Fifty-One Tales: The Food of Death

Death is ill, but luckily the doctors know just what he needs to feel better.

This story is from Lord Dunsany’s Fifty-One Tales, originally published in 1915, and is read aloud by Kay Mack.

You can read the story here, or online at: http://www.gutenberg.org/ebooks/7838

Death was sick. But they brought him bread that the modern bakers make, whitened with alum, and the tinned meats of Chicago, with a pinch of our modern substitute for salt. They carried him into the dining-room of a great hotel (in that close atmosphere Death breathed more freely), and there they gave him their cheap Indian tea. They brought him a bottle of wine that they called champagne. Death drank it up. They brought a newspaper and looked up the patent medicines; they gave him the foods that it recommended for invalids, and a little medicine as prescribed in the paper. They gave him some milk and borax, such as children drink in England.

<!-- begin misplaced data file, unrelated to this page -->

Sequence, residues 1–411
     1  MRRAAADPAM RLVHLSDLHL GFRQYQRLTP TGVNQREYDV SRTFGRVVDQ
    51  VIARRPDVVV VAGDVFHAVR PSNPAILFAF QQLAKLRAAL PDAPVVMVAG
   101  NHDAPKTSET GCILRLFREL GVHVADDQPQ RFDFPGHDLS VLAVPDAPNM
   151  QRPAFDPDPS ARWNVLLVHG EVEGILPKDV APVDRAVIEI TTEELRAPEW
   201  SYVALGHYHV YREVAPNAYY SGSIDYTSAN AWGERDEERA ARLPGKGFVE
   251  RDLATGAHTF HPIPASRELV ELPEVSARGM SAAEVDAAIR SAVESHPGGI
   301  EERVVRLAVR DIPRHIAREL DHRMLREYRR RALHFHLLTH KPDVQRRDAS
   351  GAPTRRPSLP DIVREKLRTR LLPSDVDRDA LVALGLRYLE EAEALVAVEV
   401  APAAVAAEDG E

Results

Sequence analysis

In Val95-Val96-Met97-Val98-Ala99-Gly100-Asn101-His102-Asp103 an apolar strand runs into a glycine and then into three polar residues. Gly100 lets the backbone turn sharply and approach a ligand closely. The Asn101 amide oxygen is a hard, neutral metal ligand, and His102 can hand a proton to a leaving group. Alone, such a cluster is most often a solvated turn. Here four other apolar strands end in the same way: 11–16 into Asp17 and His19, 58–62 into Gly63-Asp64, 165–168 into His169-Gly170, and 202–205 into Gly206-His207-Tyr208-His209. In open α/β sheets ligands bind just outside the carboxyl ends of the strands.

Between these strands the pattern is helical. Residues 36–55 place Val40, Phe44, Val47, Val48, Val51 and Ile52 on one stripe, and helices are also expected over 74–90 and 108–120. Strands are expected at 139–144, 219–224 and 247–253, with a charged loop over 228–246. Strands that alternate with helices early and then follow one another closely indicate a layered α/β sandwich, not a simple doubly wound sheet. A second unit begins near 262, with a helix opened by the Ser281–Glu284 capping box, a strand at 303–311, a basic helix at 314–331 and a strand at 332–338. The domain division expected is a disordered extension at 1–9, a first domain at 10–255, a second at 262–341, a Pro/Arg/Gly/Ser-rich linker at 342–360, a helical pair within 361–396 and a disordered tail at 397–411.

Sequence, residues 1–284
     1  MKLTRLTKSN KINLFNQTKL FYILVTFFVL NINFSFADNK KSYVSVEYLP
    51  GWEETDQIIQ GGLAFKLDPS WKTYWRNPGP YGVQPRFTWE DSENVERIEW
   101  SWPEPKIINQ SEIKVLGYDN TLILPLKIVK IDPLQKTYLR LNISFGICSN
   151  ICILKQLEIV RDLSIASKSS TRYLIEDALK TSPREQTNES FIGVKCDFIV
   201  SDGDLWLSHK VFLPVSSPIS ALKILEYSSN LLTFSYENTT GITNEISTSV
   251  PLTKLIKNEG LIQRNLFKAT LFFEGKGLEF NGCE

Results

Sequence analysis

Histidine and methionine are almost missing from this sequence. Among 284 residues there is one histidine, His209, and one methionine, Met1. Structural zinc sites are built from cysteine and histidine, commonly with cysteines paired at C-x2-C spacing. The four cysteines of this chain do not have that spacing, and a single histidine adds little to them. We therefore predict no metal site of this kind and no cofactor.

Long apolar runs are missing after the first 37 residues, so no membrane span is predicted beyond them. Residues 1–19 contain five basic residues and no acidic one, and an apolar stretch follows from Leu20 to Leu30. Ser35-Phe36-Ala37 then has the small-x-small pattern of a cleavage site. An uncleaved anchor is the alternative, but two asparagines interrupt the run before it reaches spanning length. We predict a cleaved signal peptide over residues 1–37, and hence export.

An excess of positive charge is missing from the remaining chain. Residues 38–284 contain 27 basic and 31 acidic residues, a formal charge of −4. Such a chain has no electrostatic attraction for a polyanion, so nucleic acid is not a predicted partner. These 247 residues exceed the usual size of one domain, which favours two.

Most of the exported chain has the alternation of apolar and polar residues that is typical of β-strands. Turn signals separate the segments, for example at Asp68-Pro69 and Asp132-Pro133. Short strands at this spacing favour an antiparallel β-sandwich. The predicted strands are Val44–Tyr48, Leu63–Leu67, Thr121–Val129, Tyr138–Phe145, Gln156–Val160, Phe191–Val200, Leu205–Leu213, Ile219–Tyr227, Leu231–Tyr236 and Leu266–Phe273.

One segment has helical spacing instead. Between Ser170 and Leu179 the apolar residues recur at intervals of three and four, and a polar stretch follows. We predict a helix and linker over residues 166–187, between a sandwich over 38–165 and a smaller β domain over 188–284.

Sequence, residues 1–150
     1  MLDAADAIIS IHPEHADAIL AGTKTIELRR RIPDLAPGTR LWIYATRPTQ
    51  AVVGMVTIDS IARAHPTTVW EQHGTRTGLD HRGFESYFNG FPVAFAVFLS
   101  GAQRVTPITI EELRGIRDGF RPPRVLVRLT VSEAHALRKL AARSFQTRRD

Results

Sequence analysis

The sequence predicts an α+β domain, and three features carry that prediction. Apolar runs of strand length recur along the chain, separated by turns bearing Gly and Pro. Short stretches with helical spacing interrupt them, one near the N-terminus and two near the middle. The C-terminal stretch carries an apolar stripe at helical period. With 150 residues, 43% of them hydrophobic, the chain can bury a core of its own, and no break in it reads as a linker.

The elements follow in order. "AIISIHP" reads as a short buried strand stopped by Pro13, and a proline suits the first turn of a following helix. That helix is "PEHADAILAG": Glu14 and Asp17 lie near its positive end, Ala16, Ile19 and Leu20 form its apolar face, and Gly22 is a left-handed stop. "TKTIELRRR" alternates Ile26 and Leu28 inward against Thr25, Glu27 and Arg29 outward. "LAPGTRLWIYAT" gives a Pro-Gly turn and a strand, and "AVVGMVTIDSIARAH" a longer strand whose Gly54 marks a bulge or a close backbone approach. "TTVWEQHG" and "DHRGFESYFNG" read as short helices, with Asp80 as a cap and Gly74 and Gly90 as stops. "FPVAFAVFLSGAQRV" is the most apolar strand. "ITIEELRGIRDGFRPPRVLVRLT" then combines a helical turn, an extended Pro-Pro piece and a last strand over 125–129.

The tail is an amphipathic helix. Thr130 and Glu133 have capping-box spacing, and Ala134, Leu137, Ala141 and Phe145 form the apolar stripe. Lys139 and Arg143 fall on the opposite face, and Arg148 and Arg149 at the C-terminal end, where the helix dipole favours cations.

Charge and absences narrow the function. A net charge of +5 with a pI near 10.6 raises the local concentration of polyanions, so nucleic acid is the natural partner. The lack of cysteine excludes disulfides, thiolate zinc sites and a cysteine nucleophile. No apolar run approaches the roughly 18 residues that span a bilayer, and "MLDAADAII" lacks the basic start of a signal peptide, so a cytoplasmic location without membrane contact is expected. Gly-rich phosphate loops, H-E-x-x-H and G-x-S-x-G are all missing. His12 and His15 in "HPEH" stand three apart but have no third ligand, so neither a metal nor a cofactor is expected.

Death arose ravening, strong, and strode again through the cities.

Photo by rawpixel on Unsplash

Leave a Reply

Fill in your details below or click an icon to log in:

WordPress.com Logo

You are commenting using your WordPress.com account. Log Out /  Change )

Google+ photo

You are commenting using your Google+ account. Log Out /  Change )

Twitter picture

You are commenting using your Twitter account. Log Out /  Change )

Facebook photo

You are commenting using your Facebook account. Log Out /  Change )

Connecting to %s